Commas with Pairs of Adjectives


You have two adjectives together. Do you or don’t you put a comma between them? If they are coordinate adjectives, you do. This follows Zen Comma Rule P.

Comma Rule P: Put a Comma between Coordinate Adjectives.

Definition of Coordinate Adjectives. Adjectives are coordinate if they meet two criteria: (1) You can place and between the two words, and the sentence means the same thing, and (2) You can reverse their order, and the sentence means the same thing.

Sample 1: We had a hot, dry summer.

Sample 1 has the adjectives hot and dry, both used to describe summer. If we write We had a hot and dry summer, the sentence makes sense. It also makes sense if we write We had a dry, hot summer. The adjectives meet both criteria, so we know they are coordinate and put a comma between them.

To native English speakers, the two revised sentences will sound like natural speech, and the two criteria are likely sufficient to identify coordinate adjectives. For a more technical explanation, we can examine the Royal Order of Adjectives.

(If these criteria and revisions make sense to you, skip the next section and go to Rule Q.)

Definition of Royal Order of Adjectives. This is the order in which native English speakers naturally use adjectives in speech and writing. Although exceptions exist, such as to emphasize specific characteristics, this order is generally true.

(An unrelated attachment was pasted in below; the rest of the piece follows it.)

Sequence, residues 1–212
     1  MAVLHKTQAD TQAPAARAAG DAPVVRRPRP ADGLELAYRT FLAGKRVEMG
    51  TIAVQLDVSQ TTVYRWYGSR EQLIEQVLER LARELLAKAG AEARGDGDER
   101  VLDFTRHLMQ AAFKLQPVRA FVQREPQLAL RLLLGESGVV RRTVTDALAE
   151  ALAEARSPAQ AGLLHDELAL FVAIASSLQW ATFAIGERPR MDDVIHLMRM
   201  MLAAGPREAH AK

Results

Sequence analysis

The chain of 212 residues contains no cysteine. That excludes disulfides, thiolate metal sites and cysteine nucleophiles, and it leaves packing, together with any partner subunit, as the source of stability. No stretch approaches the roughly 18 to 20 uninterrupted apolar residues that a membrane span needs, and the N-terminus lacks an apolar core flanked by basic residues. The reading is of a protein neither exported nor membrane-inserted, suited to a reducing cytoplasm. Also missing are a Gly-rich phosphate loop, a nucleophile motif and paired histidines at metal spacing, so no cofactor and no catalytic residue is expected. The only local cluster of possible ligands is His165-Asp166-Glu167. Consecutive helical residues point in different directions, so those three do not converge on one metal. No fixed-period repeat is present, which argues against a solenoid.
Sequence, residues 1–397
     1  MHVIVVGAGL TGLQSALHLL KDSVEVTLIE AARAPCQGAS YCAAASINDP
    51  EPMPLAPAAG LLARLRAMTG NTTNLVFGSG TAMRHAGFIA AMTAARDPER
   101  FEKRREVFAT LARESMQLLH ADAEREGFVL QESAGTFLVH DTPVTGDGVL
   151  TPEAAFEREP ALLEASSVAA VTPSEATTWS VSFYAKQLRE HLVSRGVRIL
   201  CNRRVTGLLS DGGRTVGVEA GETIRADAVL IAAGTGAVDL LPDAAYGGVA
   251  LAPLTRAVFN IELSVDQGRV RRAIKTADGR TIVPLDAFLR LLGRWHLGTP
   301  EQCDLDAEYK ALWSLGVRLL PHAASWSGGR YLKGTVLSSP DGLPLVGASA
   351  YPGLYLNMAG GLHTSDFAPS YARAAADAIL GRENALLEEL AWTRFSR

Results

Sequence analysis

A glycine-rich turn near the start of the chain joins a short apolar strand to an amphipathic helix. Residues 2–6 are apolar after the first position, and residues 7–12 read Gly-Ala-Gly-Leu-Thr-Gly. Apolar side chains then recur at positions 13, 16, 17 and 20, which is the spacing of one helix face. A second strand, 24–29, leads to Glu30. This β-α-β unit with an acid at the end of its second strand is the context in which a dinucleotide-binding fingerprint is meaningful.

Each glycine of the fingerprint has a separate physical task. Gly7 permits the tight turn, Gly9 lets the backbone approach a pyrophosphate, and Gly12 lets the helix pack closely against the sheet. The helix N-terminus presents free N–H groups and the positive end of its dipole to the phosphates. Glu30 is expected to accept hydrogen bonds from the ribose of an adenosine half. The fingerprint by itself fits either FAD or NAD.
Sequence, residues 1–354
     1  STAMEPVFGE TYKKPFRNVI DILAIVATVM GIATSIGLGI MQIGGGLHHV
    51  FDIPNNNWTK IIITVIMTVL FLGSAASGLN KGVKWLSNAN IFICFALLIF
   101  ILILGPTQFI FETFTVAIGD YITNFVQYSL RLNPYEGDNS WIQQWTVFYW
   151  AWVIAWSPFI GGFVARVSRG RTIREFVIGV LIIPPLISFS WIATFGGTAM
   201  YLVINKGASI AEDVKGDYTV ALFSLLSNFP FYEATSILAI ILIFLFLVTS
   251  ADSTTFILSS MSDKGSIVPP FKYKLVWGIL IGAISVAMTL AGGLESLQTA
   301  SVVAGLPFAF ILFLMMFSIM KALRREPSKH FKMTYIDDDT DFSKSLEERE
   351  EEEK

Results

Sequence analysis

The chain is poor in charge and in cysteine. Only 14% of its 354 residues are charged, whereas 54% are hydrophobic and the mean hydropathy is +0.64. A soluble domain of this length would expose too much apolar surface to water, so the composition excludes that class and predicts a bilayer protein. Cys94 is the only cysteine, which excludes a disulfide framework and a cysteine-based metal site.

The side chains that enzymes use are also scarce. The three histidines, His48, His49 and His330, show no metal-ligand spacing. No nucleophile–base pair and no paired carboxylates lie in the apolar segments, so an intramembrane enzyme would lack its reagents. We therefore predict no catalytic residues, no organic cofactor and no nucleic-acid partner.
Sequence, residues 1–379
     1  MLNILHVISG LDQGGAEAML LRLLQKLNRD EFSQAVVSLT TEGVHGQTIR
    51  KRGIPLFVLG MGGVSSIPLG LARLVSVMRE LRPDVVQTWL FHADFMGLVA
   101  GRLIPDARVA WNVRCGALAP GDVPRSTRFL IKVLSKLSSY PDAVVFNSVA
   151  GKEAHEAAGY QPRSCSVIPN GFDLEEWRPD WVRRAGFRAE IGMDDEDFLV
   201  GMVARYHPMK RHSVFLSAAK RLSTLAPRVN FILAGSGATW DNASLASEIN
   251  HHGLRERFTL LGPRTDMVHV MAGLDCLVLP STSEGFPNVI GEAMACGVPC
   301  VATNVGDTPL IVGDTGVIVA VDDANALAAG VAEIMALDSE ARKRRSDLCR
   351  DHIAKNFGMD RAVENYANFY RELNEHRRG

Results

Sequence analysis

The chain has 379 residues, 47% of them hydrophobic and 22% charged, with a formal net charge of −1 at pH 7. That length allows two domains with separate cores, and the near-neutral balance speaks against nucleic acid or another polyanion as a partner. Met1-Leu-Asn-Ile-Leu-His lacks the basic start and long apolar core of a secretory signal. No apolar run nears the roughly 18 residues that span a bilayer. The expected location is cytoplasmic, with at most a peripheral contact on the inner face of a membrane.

The Royal Order of Adjectives is as follows.

1. Determiners: Words that indicate which one (e.g., this, the, a, my, her)

2. Observations: Subjective descriptions (e.g., fast, decrepit, easy, beautiful, inexpensive)

3. Size: Physical descriptions of size (e.g., large, small, huge, miniscule)

4. Shape: Physical descriptions of shape (e.g., round, square, lean, misshapen, long, oblong)

5. Age: Adjectives that indicate age (e.g., old, new, three-year-old, antique)

6. Color: Physical descriptions of color (e.g., red, blue, creamy, hazy, fuchsia)

7. Nationality: Originating location (e.g., American, French, European)

8. Material: What something is made of (e.g., silk, cardboard, rubber, sand, wooden, cream)

9. Type: The specific type of the thing (e.g., rocking [horse], digital [phone], acoustic [guitar]); may be considered part of the name of the thing described

The Royal Order of Adjectives indicates that The [determiner] black [color] sand [material] painting will sound natural but that The sand black painting will not. Similarly, Her [determiner] large [size] wooden [material] antique [type] clock will sound more natural than Her wooden antique large clock.

I don’t have this order memorized, but I don’t need to because I know what sounds natural.

The Royal Order of Adjectives is important to understanding coordinate adjectives. If you write two or more adjectives of the same type, they will be coordinate, and you will need a comma between them.

Sample 2: I have a fast, inexpensive car.

For example, fast and inexpensive are both observation adjectives. This means they are coordinate when used together, as in sample 2, and need a comma. We can also apply the two criteria to check this. We can put and between them: I have a fast and inexpensive car. We can reverse their order: I have an inexpensive, fast car.

Comma Rule Q: Leave out the Comma between Adjectives to Make Them Non-coordinate and to Change the Meaning